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Good friends, sweet friends, let me not stir you up
To such a sudden flood of mutiny.
They that have done this deed are honorable;
What private griefs they have, alas ! I know not,
That made them do it; they are wise and honorable,
And will, no doubt, with reasons answer you.
I cois.e not, friends, to steal away your hearts;
I an, no orator, as Brutus is;
But as you know me all, a plain blunt man,
That loves my friend; and that they know full well
That gave me public leave to speak of him.
For I have neither wit, nor words, nor worth,
Action, nor utterance, nor the power of speech,
To stir men's blood: I only speak right on;
I tell you that which you yourselves do know;
Show you sweet Caesar's wounds, poor, poor dumb moutie
And bid them speak for me : But were I Brutus,
And Brutus Antony, there were an Antony
Would ruffle up your spirits, and put a tongue
In every wound of Cæsar, that should move
The stones of Rome to rise and mutiny.
84. Macbeth's Irresolution before the Murder of Duncan
Act I, Sc. 7.
Macb. If it were done, when 'tis done, then 'twere well
It were done quickly: If the assassination
Could trammel up the consequence, and catch,
With his surcease, success; that but this blow
Might be the be-all and the end-all, here,
But here, upon this bank and shoal of time,
We'd jump the life to come. — But in these cases,
We still have judgment here; that we but teach
Bloody instructions, which, being taught, return
To plague the inventor: This even-handed justice
Coinmends the ingredients of our poisoned chalice
To our own lips. He's here in double trust :
First, as I am his kinsman and his subject,
Strong both against the deed: then, as his host,
Who should against his murtherer shut the door,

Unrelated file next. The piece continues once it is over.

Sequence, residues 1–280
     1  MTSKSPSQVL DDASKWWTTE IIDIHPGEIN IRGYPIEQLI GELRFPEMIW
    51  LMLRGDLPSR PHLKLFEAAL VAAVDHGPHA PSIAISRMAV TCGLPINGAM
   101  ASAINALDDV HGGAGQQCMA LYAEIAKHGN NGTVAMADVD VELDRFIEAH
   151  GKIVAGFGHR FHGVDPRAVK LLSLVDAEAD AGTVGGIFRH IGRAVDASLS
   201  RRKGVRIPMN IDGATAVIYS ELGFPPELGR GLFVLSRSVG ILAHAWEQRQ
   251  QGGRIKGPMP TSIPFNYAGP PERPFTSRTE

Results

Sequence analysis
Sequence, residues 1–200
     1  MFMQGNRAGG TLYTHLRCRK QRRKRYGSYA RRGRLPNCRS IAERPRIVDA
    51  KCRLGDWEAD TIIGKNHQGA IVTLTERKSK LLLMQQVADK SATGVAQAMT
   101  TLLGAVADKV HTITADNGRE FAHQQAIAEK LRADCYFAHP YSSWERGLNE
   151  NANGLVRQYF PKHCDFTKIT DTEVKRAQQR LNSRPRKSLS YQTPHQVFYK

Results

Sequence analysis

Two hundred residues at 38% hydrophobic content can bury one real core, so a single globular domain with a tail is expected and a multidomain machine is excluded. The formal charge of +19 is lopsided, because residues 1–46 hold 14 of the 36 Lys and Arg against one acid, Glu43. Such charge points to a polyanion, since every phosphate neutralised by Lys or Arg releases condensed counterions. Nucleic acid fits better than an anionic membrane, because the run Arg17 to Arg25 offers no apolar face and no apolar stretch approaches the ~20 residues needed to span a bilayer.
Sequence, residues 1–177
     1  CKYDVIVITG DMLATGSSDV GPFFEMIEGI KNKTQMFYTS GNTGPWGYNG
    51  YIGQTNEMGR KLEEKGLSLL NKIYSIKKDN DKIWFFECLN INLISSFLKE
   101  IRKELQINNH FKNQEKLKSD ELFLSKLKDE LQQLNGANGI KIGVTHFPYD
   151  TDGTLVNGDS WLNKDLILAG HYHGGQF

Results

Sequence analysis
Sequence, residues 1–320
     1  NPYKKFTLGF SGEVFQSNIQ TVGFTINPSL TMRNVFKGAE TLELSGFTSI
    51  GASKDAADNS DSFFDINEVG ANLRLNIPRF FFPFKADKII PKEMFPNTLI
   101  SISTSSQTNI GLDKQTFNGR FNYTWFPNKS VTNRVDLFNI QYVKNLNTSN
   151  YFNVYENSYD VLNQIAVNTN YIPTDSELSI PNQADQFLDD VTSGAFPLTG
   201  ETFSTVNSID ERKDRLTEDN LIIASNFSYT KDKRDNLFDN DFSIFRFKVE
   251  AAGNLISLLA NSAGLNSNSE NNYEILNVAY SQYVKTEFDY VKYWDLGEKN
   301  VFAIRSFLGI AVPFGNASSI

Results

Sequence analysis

Not bear the knife myself. Besides, this Duncan
Hath borne his faculties so meek, hath been
So clear in his great office, t} at his virtues
Will plead like angels, trumpet-tongued, against
The deep damnation of his taking-off:
And pity, like a naked new-born babe,
Striding the blast, or heaven's cherubim, horsed
Upon the sightless couriers of the air,
Shall blow the horrid deed in every eye,
That tears shall drown the wind. - I have no spur
To prick the sides of my intent, but only
Vaulting ambition, which o'erleaps itself,
And falls on the other.
85. Witches. - Act IV. Sc. 1.
A dark Cave. In the middle, a Caldron boiling.
Enter the three Witches.
Ist Witch. Thrice the brinded cat hath mewed.
and Witch. Thrice; and once the hedge-pig whined.
3rd Witch. Harpier cries : - 'Tis time, 'tis time.
ist Witch. Round about the caldron go;
In the poisoned entrails throw.
Toad, that under cold stone,
Days and nights hast thirty-one
Sweltered venom sleeping got,
Boil thou first i’ the charmed pot!
All. Double, double, toil and trouble;
Fire burn, and caldron bubble. 2nd Witck. Fillet of a fenny snake,
In the caldron boil and bake :
Eye of newt, and toe of frog,
Wool of bat, and tongue of dog,
Adder's fork, and blind-worm's sting,
Lizard's leg, and owlet's wing,
For a charm of powerful trouble;
Like a hell-broth boil and bubble.
Double, double, toil and trouble ;
Fire burn, and caldron bubble.
86. Ariel's Song.
Where the bee sucks, there suck I;
In a cowslip's bell I lie:
There I couch when owls do cry,
On the bat's back I do fly
After summer merrily:
Merrily, merrily, shall I live now,
Under the blossom that hangs on the bough.
The Teinpest. Act V. 80 l
87. THE FAIRY TO Puck.
Oier hill, over dale,
Thorough bush, thorough brier,
Over park, over pale,
Thorough flood, thorough fire,
I do wander everywhere,
Swifter than the moon's spherc;
And I serve the fairy queen,
To dew her orbs upon the green:
The cowslips tall her pensioners be;
In their gold coats spots you see;
Those be rubies, fairy favors,
In those freckles live their savors :
I must go seek some dew-drops here,
And hang a pearl in every cowslip's ear.
Midsummer Night's Dream. Aet II. $e. I